After a Dance: Stories by Bridget O’Connor - review by Elizabeth Boyle

Elizabeth Boyle

Disco 2000

After a Dance: Stories


Picador 160pp £16.99

In Bridget O’Connor’s story ‘Plastered’, the creepy protagonist, Tony Wornel, frequently uses and abuses (like a literary Del Boy) the phrase ‘to cut a long story short’. To cut a short story even shorter, Wornel is a misogynistic stalker who is convinced that he’s a great guy and doesn’t need to listen to women because the words he will address to them are already pre-packaged in his head. All he needs to do is follow them, gaze at them, admire them as they talk: ‘I switched off a bit while her mouth worked. Her hair though, above the bland uniform, was really great to look at. Haloed. When I was back in my bed I’d dream I was brushing it, or I was a tiny thing lying in it, like a flea or a kirby grip really gripping in tight.’

Tony, or ‘Tone’, as he likes to call himself when he’s off the clock, is far from the only convincingly unlikeable character in this posthumous collection of some of O’Connor’s best work. A playwright and short-story writer who died in 2010 at the age of forty-nine, O’Connor had a masterly ability to conjure the dark, the shady, even the repulsive side of people. Many of her characters are not particularly appealing. All of them, however, feel addictively real: the young narrator of ‘Heavy Petting’, desperate, and failing, to escape her chaotic family home; the alcoholic narrator of the beautiful, tragic ‘Gabriel Ascending’; and Sandy – oh God, poor Sandy – just trying to be heard in ‘I’m Running Late’. Even when they’re tripping on E, or speed, or a random handful of pills from someone else’s medicine cabinet, their voices, dipping in and out of reality, keep the reader hooked. O’Connor seems drawn to those who are in some way driven by their appetites, whether for sex, fame or enough money to pay for the next hit. They are all very human: they have green veins and cold sores and disappointed dreams. Sure, they have inflated senses of their own importance, but don’t we all?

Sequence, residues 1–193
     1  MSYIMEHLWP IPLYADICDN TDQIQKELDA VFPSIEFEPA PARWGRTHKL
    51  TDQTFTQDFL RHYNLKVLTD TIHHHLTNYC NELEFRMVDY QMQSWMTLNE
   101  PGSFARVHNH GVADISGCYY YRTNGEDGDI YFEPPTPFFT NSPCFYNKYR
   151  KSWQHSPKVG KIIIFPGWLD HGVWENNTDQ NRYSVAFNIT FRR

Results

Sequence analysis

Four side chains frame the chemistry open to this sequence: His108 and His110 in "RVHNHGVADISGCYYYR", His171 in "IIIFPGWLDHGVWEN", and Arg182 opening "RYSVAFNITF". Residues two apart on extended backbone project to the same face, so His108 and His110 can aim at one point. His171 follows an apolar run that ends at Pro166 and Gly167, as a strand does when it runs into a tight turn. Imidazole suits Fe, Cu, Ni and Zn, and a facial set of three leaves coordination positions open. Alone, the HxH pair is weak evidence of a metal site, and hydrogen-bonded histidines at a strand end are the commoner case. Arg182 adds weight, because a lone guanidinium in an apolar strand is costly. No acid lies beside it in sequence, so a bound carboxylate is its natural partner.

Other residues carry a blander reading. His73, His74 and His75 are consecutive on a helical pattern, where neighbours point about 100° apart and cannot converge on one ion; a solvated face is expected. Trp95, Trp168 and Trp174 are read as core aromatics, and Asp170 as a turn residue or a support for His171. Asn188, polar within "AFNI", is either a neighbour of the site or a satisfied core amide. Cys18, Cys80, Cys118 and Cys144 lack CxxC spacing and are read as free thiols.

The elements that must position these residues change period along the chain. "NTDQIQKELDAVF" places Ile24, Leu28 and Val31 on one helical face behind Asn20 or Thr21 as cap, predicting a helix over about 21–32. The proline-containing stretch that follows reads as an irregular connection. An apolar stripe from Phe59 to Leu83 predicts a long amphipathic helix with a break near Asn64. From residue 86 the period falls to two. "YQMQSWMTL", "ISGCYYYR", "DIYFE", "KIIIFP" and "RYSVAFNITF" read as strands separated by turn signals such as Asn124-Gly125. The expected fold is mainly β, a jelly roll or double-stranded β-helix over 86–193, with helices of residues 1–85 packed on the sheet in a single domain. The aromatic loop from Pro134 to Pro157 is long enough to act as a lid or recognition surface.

O’Connor’s sentences abound with poetic qualities – they rhyme, or alliterate, or play around with consonance and assonance – but hers is a kind of street poetry: ‘Tofu? It’s like thigh fat that tofu stuff, innit. Like eating someone else’s cellulite.’ Some sentences have the rhythm and cadence of song

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